Good Sam Blog

Pilgrimage Progress: Begin Walking

Fr. Steve and seven parishioners have begun walking the Portuguese Camino, beginning in Porto, Portugal, headed for Santiago, Spain. So far, their progress has taken them through the city and suburbs—in the rain, it looks like. They will be in the countryside this weekend, where they will be joined by two more parishioners.


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What Is the Narrative Installation?

Holy Week—the time starting on Palm Sunday and ending on Easter—is a week like no other. In this short week, we journey from the height of expectation, to the depths of loss, and into unfathomable joy. Fully entering into the journey of Holy Week, being present to all of the meaning, allows us to see our own lives clearly and encounter the depth of God’s love and presence in all the experiences of life. We hope you’ll join us for all of our Holy Week services as they are rich and beautiful liturgies.

New this year, we will be hosting a Narrative Holy Week Installation that gives an opportunity to explore the symbolism and meaning of Holy Week through creative and experiential activity. With prayer and meditation stations for each day of Holy Week, we’ll encounter Holy Week in new and powerful ways and discover the ways our own lives connect to this week as well. Come prepared for quiet, for candlelight, for new ways of seeing ancient practice, and for transformation as we encounter God’s love.

Blessings,

Fr. Brian+


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And on the sixth day…

Week 6 REST

 
The earliest recorded account of Creation (Genesis 1) shows us a pattern of labor and rest. Scripture tells us that for six days God created (worked), and on the seventh day, God rested. Other parts of the Old Testament tell us that the ancient people of God saw in the creation story a pattern of working and resting, and sought to instill that pattern in their own communal life. As the group discussed on Sunday at adult formation, the Sabbath was made for us, not us for the Sabbath. Dedicated time for restoration and wholeness is not only critical for our bodies and minds, it’s also an act of trust that God will take care of us, as well as all those things that occupy our time when we’re not resting.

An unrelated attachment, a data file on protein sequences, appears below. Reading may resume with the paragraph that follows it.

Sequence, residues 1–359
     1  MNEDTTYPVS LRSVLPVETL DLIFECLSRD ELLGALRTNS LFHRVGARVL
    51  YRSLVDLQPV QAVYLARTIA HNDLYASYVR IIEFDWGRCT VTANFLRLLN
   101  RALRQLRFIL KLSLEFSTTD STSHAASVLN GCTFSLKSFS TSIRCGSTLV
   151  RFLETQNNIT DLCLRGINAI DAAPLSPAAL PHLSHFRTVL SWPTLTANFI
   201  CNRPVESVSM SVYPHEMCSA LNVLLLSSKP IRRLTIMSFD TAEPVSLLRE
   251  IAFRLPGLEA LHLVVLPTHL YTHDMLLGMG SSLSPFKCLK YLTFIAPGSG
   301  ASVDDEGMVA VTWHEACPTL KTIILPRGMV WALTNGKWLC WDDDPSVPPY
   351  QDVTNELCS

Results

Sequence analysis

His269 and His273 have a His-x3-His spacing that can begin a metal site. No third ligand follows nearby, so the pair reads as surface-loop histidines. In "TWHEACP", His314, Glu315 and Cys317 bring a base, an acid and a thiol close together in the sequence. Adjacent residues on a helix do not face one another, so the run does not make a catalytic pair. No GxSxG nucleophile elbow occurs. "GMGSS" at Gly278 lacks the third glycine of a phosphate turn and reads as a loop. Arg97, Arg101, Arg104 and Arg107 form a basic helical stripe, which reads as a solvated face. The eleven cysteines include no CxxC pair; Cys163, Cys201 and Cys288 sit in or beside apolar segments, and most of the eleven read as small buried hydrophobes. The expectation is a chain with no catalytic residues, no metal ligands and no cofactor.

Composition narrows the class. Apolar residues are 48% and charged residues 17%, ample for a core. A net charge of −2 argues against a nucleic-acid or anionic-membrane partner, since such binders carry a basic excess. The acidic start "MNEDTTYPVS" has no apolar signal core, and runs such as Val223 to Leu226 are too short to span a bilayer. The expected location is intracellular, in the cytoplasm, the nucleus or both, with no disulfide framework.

As a priest, one of my greatest concerns for the spiritual life of my parishioners is schedules that are so full that there is little time left for God, community, and family life. Lent is a good time to reflect on our schedules and ask ourselves if we are really taking time during the day or the week to reflect, rest, and enjoy the blessings of life. Last Sunday, the formation group read the story of the Valley of the Dry Bones (Ezekiel 37:1–14) and discussed how that related to Rest. Perhaps the lesson is that without intentional times of rest and renewal, our lives can end up dry and joyless.
 
Take a few moments this week to reflect on the passage, and these questions.
  • What gets in the way of practicing sabbath rest? Is it hard to rest? Why?
  • The act of rest and restoration is a part of the cycle of rebirth that is God’s hope for us and gift to us. What does this mean to you?
  • How can I encourage others to rest?
  • How do I practice sabbath rest within my body, mind, and soul and within communities and institutions?